Not long ago, I thought that I was dying, that perhaps I had aggressive cancer coursing through my body. Painful, swollen lymph nodes were everywhere, including my stomach. For three to four weeks prior, I had horrible acid reflux and a sour stomach. I could barely eat. Never before did I have this combination of symptoms. So I hurried to an urgent care center late one Friday afternoon after work. I was concerned about the relentless acid reflux. However, the physician assistant was noticeably concerned about the lymph nodes. She immediately ordered me to the hospital: “You need to get blood tests ASAP.” The facility receptionist swiftly asked my new primary care physician to make an exception and open up an appointment for me the following Monday morning at 8:40 a.m.
“You need to get blood tests ASAP.”
After calling my husband, I talked to my mentor, Lisa, on the phone. “How are you feeling about it all?” she asked. My knee-jerk response, though humorous in tone, was dead serious: “Oh, I prefer not to die right now, but what am I to do?” She laughed. I laughed too, given the possibilities. But really, what could I do about it in that moment? I had very little I could control. The weekend passed and then, that Monday morning at my appointment, much to my relief, I learned that I did not have cancer. Still, the whole ordeal had reminded me of the fragility of life and how much is beyond our power.
Within a day of receiving the all clear, I accompanied our senior pastor and a small team of church members to meet with refugees. I do the translating while others offer food, a blanket, a jacket, a smile, use of a cell phone, or information about their next bus stop. The refugees can barely speak, much less speak of what happened to them. Each Monday night we meet them, and every time, I am acutely aware that I am part of the world’s upper echelon. There’s been cushion to my suffering that refugees and others do not have.
Why is that? They did nothing to deserve their suffering. They’re fleeing violence, drug cartels, and poverty related to destabilized governments in their home countries. Nearly every week, we meet Mary, Joseph, and baby Jesus fleeing. They are so obviously traumatized, tired, cold, and hungry. They’ve experienced what can be described only as hell on earth. Why such innocents are in that situation while I happen not to be is a mystery. It has nothing to do with me being holier than they are. Many are devout Christians.
In Matthew 9:13, Jesus echoes Hosea 6:6 when He tells the Pharisees to “go and learn what this means: ‘I desire compassion, and not sacrifice.’” The Pharisees were the ones “sold out” to God. They could quote Scripture best and were in synagogue whenever the doors were open. For all intents and purposes, they were the model Jews, or what we’d consider model Christians today. Except they weren’t. Over and over Jesus outraged them and the crowds by denying their status as religious and societal exemplars. From His vantage point—that is, God’s vantage point—Pharisees had much humility and compassion to learn from the likes of humble tax collectors who were ashamed of their own sins. Pharisees had much to learn from the Samaritans—among the most repugnant theological and social pariahs in the eyes of Jewish culture at the time. It was the despised Samaritan, not the pious Pharisee, who showed love to an enemy neighbor left for the dead on the road to Jericho.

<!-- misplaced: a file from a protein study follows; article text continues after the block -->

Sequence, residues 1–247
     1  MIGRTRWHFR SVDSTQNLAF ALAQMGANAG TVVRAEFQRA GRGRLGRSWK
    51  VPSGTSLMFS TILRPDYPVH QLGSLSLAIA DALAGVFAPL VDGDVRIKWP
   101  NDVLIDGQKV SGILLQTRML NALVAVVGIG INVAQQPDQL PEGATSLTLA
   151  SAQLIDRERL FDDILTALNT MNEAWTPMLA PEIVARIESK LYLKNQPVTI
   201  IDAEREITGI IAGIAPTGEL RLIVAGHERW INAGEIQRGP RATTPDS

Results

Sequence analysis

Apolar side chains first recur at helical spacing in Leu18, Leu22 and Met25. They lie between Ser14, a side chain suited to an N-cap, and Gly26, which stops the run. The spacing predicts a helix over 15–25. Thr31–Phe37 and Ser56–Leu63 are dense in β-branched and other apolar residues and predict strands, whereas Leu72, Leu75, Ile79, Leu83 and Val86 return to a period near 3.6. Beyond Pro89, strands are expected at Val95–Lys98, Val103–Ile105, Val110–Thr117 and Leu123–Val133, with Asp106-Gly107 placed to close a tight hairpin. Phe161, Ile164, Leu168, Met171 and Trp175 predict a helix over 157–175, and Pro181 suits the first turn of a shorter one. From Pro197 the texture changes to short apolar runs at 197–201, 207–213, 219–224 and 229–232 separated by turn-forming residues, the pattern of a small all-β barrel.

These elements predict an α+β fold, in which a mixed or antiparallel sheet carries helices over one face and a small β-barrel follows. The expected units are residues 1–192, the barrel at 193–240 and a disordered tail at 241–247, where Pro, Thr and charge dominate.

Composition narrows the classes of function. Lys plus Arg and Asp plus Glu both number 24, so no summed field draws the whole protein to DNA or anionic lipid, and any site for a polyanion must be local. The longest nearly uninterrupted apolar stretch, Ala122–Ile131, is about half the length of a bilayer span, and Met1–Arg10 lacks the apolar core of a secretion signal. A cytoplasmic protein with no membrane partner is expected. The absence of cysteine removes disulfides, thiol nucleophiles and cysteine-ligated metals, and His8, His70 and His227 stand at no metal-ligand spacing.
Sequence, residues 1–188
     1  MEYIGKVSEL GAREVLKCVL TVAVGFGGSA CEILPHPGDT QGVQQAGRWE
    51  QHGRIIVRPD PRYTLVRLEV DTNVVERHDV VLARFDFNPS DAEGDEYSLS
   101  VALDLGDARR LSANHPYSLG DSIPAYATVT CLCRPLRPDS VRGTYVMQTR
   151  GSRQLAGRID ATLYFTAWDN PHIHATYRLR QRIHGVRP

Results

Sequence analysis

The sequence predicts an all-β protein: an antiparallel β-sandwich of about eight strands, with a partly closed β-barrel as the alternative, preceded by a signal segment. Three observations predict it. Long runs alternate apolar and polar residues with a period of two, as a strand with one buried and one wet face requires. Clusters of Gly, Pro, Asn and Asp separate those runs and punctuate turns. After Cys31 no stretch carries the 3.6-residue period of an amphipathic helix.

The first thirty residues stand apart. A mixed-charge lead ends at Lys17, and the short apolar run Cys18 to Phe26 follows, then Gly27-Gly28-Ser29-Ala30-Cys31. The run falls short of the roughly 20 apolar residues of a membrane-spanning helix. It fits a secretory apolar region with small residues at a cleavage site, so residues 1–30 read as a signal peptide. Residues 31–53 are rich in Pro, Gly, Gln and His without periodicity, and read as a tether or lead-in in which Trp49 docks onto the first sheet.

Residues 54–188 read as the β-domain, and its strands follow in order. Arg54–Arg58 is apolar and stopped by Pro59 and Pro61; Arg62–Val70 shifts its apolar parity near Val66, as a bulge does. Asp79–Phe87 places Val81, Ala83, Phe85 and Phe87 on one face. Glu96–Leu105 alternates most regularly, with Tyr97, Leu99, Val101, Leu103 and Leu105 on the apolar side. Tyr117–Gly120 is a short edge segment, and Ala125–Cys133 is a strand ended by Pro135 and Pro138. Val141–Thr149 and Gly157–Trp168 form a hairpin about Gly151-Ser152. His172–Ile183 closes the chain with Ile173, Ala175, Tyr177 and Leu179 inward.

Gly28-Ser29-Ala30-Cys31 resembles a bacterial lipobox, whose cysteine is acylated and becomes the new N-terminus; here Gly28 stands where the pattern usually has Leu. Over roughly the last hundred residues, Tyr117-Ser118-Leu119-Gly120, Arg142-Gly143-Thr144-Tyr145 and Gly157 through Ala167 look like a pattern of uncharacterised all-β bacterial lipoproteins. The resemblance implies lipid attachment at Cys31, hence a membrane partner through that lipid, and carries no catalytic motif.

Throughout the Gospels, and prominently in the Parable of the Good Samaritan, Jesus makes it clear that memorizing Scripture, never missing church, and routine tithing mean little if we are loveless and unmerciful—if we fail to offer loving compassion. Paul said such pious lives devoid of love are clanging cymbals (1 Corinthians 13:1). Annoying. Frustrating. Repulsive.
When we are self-righteous, we’re less likely to receive or extend mercy, because we are blind to our own need—whatever form it takes. A stingy disposition when it comes to mercy and compassion reveals we are prodigals in a far country, separated from both God and our neighbor. Isn’t that a form of hell? But humility and a tenderized heart allow us to extend grace and mercy to others—to comfort others with the same comfort we have received (2 Corinthians 1:4). At least, it should.
Jesus makes it clear that memorizing Scripture, never missing church, and routine tithing mean little if we are loveless and unmerciful—if we fail to offer loving compassion.
I don’t mean to suggest that God orchestrates suffering merely to teach us compassion. It is the devil who steals, kills, and destroys—not the Lord. God is the one who gives us life in all its forms (John 10:10). But suffering tends to engender compassion, when in the past we might have been oblivious or indifferent.
The humble embody the spirit of the good Samaritan with inviting lives, checkbooks, and gentle dispositions rather than a consuming self-centeredness, smug self-righteousness, or callousness towards others’ suffering. Jesus was perfect, sinless, completely devoted to the Father and the Father’s will. And yet He knew what it was like to suffer. He knew what it was like to be broken, targeted, hunted, and marginalized. Is it any wonder that He lavished loving attention upon the invisible and heard the anguished cries of the silenced?
Scripture testifies that our God is chock-full of compassion (Psalm 145:8-9). People who have suffered and become merciful know weakness and vulnerability and, consequently, the sheer gift of having kindness extended to them. Broken, they are often inclined to do the same. In their disposition to show mercy, they resemble God. They, like Him, are attentive to needs. And as Simone Weil has said, “Attention is the rarest and purest form of generosity.”
Illustrations by Jonathan Bartlett